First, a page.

How to start contributing to open-source projects
One of the most common questions I'm asked by my computer science friends and students is how they can contribute to an open-source project. In order for me to organize and share my thoughts I thought I'd write something here.
First off, it's a good idea! Contributing to projects is a fantastic way to build experience, connections, and improve a piece of software you use or rely on. I've grown immensely through maintaining my few projects and contributing to a hand full of others. I've gained experience in community management, team communication, code review, dependency management, and the list goes on. This post is focused on programming, but don't forget that issue management, documentation, user support, and bug reporting are all valuable ways you can contribute.
That point about using open-source software is important. The first thing I tell my friends is they should first ensure they're using some before they attempt to contribute. There are few things that are more satisfying than fixing a bug that's been bugging you in a program written by someone else, and the motivation that provides is not inconsequential1. As a maintainer, contributor, and extensive procrastinator I've seen and felt lack of motivation and burn-out from multiple perspectives, and know how daunting making a contribution can be. So to give you some ideas, here are some applications I use that you may want to try using (or may already use!), and a checklist for how to get started contributing to them:
- Firefox (really, it's (in some cases) as fast as Chrome now! Plus it helps you escape the Alphabet.)
- GIMP (GNU Image Manipulator Program, a free version of Photoshop.)
- VS Code (note that most of it is open-souce, but parts are not.)
- See VSCodium if you want a VS Code fork without Microsoft telemetry and licensing
And loads more. I didn't even mention the vast number of open-source software libraries and frameworks you likely already use. Maybe Next.js, Vue, or Flask are of interest to you, just to provide a few examples. And below is my framework for getting started.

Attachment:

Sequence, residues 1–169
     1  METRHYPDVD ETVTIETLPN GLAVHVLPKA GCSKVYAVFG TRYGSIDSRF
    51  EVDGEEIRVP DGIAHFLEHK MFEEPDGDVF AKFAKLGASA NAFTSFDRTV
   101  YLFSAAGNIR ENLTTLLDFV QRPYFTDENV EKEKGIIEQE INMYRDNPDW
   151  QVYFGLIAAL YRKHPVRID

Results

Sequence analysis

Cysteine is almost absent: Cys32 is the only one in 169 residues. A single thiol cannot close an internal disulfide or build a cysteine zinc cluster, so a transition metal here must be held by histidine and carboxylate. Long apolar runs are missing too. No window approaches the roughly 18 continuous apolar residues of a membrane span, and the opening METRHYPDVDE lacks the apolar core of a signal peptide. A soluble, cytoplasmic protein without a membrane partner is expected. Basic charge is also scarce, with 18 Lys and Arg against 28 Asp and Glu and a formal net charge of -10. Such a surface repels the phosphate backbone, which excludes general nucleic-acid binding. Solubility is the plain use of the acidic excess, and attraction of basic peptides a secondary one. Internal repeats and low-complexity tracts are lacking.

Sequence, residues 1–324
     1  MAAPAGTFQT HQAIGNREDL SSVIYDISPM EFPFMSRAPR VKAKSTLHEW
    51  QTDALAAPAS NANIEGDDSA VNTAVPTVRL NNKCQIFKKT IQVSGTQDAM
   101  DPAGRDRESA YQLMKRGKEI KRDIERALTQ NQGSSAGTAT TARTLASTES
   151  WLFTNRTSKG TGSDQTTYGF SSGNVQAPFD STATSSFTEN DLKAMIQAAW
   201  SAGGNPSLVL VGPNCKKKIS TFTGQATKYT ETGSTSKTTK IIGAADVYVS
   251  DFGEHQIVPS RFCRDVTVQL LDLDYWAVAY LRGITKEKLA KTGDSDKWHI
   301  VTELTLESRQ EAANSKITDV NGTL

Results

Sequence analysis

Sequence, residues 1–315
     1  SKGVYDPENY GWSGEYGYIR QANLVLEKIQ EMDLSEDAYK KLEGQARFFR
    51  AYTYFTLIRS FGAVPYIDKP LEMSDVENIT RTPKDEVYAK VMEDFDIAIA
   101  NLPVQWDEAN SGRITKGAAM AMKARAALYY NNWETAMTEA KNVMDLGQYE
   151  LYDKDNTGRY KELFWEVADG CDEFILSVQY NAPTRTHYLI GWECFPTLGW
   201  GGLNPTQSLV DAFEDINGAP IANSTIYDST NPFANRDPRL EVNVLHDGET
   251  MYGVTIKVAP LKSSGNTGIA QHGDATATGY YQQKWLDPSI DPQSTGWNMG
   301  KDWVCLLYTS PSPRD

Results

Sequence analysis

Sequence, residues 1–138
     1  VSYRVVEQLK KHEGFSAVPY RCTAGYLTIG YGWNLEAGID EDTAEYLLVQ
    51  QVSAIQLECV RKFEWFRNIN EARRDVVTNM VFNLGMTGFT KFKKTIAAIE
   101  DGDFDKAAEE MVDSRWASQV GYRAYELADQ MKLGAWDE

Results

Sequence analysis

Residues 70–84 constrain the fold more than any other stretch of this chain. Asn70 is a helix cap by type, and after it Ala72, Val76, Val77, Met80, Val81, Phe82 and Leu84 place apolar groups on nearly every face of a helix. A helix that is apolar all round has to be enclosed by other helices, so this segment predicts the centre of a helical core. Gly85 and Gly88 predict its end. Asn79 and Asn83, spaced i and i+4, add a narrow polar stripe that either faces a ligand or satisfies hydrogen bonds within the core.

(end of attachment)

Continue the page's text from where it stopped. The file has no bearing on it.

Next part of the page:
- Find a project and feature or bug to work on: find one from experience or on their issue tracker/mailing list. Targeting a bug that bothers you or a feature you personally want is ideal due to the motivation aspect mentioned above. If the project is on GitHub these may be in the Milestone or Discussion pages. GitHub Explore filtered to languages you know or are interested in learning is a great place to start.
- Search for prior work or discussions: it's important your changes align with the maintainers vision, and you should double check that no one else is working on it. If they are or previously have, you can offer to team-up or ask for their advice.
- Familiarize yourself with the code base: depending on the size, it may not be feasible or sensible for you to grok the entire code base. Instead, try to learn just the parts you need. Feel free to ask the maintainers after searching the documentation and using the below tips if you need help:
- Read the README and CONTRIBUTING files, if they both exist2
- Use a package explorer or the Unix
findutility to find directories and files of interest
git grepto find identifiable or interesting messages/logs/strings in the code (an error alert's text, for example)
git logto explore commits
git blameto find out who to email or contact with questions
- You can also check the README or look for a COMMUNITY file to find where to ask
- Get crackin': Work on the task, reaching out to the maintainers and/or community for help if necessary. Always be courteous, patient, and as clear as possible. Code samples and reproducible cases are king.
- Submit your work: Most likely, submitting your completed work will be done via a mailing list or over a code forge like GitHub and BitBucket. Refer to their documentation and the project's documentation to determine how to submit your changes.
- Wait, Fix, Repeat: It's likely you'll need to address some comments and make some changes to your initial work. That's okay! Address their comments and send it back to them. Few things feel worse than wasting a reviewers time (especially a volunteer like in many open-source projects), so be sure you self-review your code like you (hopefully) would an English paper.3
A quick example:
...which you can read more about in my dedicated post.
- I wanted ambient light support on my Surface Pro 3 running Linux
- I searched Google for information and luckily found this issue and repo:
- I searched the LKML for previous examples of minor driver adjustments and joined the #linux-surface IRC channel to talk with the other contributors to hear their ideas.
- After a few hours and with some help from IRC I determined how to have the device registered using the existing driver and pushed my code to GitHub.
- Once the code was reviewed by a few members of linux-surface I submit my patch set to LKML.
- It was released in Linux 5.11 🎉
- Read the documentation
- Find an interesting problem to tackle that motivates you
- Discover and grow comfortable with your tools for grepping and exploring unfamiliar code bases
- Don't be afraid to reach out to the maintainers and community; develop communication skills
One of the few better feelings is fixing a bug in software you made that someone else reported. ↩
If the README does not exist, consider that a red flag. If the CONTRIBUTING file does not exist, consider asking the maintainers if you could help draft one. ↩
If you haven't worked professionally in CS yet, this is likely your first code review, and they're highly prevalent in the industry, so try extra hard to learn from your mistakes and take note of what you like and dislike about the review left for you. ↩